Four pariahs meet
on roof. Each plans to jump, but
they get distracted.
Nick Hornby has done the impossible with A Long Way Down. He made me laugh about suicide.
My sister-in-law killed herself about six years ago. She was one of the most interesting people I've ever met, and I adored her (she also drove me crazy sometimes, but that didn't dilute the love).
Suicide is a body blow. It leaves you gasping for breath. And it hurts for a very long time. It's also contagious. If someone you love kills him/herself, the odds that you'll do it too increase dramatically, even if you weren't particularly suicidal.
Yeah. Not a laughing matter.
So when I saw this black comedy about suicide on my recommended list at Amazon, I didn't seriously consider reading it. But then I saw it recommended again at my independent bookstore, so I bought it.
And yes, it is funny. Charming and delightful and hysterically funny.
First, the characters are real and wildly original. You probably wouldn't want to spend time with them in real life, but in fiction, they're most entertaining. They bumble through life, getting most things wrong (heck, they even get distracted from the task at hand by the silliest of wild geese). If they asked you out, for instance (all them are single), you might think Loser!
And yet. By the end of the book, I felt for all of them. Maureen, the woman whose life is subsumed in the 24-7 care of her catatonic son, of course; that one's easy. But I even had empathy for Martin, the morning television host with perfect teeth who did prison time for having sex with a 15-year-old.
I was interested in what happened to them too. I wanted everything to be all right -- though another part of me really wanted an honest ending more than a happy one. When I started the book, I was sure one of the characters would go through with it before the end, and ... ah, but I can't tell you that without spoiling the ride. But I did get the honest ending I think all literature demands.
A Long Way Down is also a perfect example of voice. "Voice" is probably the hardest part of the writing craft to learn. It's not easily defined, and you'll hear at least two distinctively difference uses of the word. And it's very, very difficult to explain how to create it. But it's critical for a book to breathe and for an author's long-term success.
One definition of voice is particularly ambiguous: the author's voice. That's how you can pick up one of Faulkner's books, or Vonnegut's, and know who wrote it. Authors choose specific types of words and tend to use similar sentence structures and ... well, a whole lot of things we don't really understand but recognize when we see it. This, most authors agree, develops on its own and can't really be learned.
But the other kind of voice is what moves books, and that's the character's voice. An interesting character tends to have a distinctive way of speaking, whether or not they are telling the story in first person.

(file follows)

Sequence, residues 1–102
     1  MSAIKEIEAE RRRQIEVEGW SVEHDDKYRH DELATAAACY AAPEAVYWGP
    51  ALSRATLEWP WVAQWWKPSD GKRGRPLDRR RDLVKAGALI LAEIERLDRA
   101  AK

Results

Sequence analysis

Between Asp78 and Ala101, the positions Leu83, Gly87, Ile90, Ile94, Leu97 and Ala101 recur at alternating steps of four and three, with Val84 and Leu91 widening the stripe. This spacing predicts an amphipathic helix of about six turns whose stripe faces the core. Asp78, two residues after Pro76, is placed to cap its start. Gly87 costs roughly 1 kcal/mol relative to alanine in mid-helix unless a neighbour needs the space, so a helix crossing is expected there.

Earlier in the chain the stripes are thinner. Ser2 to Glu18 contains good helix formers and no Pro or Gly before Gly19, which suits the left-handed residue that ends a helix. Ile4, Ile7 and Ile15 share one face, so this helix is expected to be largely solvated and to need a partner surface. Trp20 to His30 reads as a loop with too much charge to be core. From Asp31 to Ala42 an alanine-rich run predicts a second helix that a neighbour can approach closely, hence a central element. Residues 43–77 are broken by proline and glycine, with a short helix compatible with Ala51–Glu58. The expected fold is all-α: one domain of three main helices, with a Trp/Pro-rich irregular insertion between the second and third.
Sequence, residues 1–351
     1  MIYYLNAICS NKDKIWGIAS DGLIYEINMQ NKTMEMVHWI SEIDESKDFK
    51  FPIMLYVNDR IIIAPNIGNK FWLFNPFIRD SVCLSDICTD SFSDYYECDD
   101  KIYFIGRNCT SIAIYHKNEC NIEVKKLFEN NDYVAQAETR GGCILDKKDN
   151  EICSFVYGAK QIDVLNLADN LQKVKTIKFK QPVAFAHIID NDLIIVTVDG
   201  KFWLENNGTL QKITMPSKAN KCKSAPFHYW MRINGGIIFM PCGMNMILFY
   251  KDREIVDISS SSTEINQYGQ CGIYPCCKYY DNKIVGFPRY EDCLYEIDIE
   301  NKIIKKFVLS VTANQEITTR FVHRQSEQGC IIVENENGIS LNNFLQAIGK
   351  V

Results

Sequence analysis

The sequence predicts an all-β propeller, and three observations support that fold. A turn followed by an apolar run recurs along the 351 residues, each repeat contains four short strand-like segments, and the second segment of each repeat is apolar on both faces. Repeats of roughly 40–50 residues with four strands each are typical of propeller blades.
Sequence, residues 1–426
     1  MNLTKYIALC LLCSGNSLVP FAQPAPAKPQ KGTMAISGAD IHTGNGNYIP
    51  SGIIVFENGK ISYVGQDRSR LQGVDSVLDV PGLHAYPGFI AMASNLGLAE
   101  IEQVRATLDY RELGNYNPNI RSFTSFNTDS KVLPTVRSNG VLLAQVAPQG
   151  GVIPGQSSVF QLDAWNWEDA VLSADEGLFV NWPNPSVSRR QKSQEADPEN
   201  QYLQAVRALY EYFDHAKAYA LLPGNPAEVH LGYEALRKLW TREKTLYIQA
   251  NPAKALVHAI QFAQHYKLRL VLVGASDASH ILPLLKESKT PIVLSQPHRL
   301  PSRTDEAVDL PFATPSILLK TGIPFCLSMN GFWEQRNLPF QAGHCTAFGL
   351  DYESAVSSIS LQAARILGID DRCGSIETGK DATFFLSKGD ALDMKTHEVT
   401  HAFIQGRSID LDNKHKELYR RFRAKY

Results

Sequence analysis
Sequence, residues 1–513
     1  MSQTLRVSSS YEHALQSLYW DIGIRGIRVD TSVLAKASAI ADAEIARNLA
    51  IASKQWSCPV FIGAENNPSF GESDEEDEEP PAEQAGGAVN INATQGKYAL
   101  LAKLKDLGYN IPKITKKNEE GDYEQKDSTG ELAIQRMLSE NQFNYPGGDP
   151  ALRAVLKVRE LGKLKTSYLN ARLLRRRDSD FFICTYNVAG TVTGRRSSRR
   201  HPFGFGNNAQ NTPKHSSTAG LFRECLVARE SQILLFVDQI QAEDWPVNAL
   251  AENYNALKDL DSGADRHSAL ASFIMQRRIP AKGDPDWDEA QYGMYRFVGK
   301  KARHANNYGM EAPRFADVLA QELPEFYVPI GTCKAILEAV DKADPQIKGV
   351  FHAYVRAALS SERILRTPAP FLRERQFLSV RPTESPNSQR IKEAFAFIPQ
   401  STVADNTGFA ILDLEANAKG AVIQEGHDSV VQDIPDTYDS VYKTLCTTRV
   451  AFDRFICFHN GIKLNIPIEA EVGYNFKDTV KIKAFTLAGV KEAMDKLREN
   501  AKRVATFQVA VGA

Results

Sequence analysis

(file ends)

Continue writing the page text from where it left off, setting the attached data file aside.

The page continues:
And A Long Way Down is a master example of it. Written in first person (alternating between the four main characters), this book has four distinctive voices. Although Hornby kindly labeled each chapter with the protagonist's name, he could have saved the ink because you would never mix them up, at least not past the first sentence. None of them sound alike, not even remotely.
Nor should they. An aging, conservative British woman who's been sequestered most of her life shouldn't sound like an American rock guitarist. Nor the rebellious youngest daughter of an MP sound like a TV broadcaster.
My only complaint about Hornby's book is not about the writing at all, but the social responsibility for a huge falsehood about suicide.
Martin (the TV man) says, "I was beginning to realize an important truth about suicide: Failure is as hurtful as success, and is likely to provoke even more anger, because there's no grief with which to water it down."
But he's wrong. As an author, I'd worry that someone considering suicide would read that, believe it, and make certain their attempted suicide was successful.
And that would be tragic indeed. Because grief doesn't water down anger. Grief is gasoline poured on the fire of anger. You don't know angry until someone you love has given you the ultimate f***-off, taken the last word so completely and irretrievably from you, and abandoned you in that most profound of ways.
We did "attempted" suicide with Mary. We visited her in the psych hospital, met with counselors to brainstorm how we could help, took on a $30,000 credit card bill to put her through rehab.
And then we did the "successful" suicide. We unplugged life support, planned a funeral and spent $10,000 (again, on a credit card) for a casket, a tombstone and a six-by-two-foot plot of land.
Which do you think hurt more?
The hurt we went through the year she died ... nothing can touch that pain. Not losing parents (easy for me to say -- I haven't lost mine!). Not abuse or illness or major accidents or disabilities. Maybe the loss of a child (haven't been there yet either, thank goodness, but I suspect even that only equals the pain).
Maybe brutal murder ... but you know, I don't think so, unless the murderer was also someone you love. Because the fact is, suicide feels like brutal murder, only it's done by someone who loves you. And it feels like they did it to you.
Sigh. See what I mean? It's so hard for me to speak lightly on this subject. But that's why I say Nick Hornby is obviously a genius. After all, he made me laugh about it.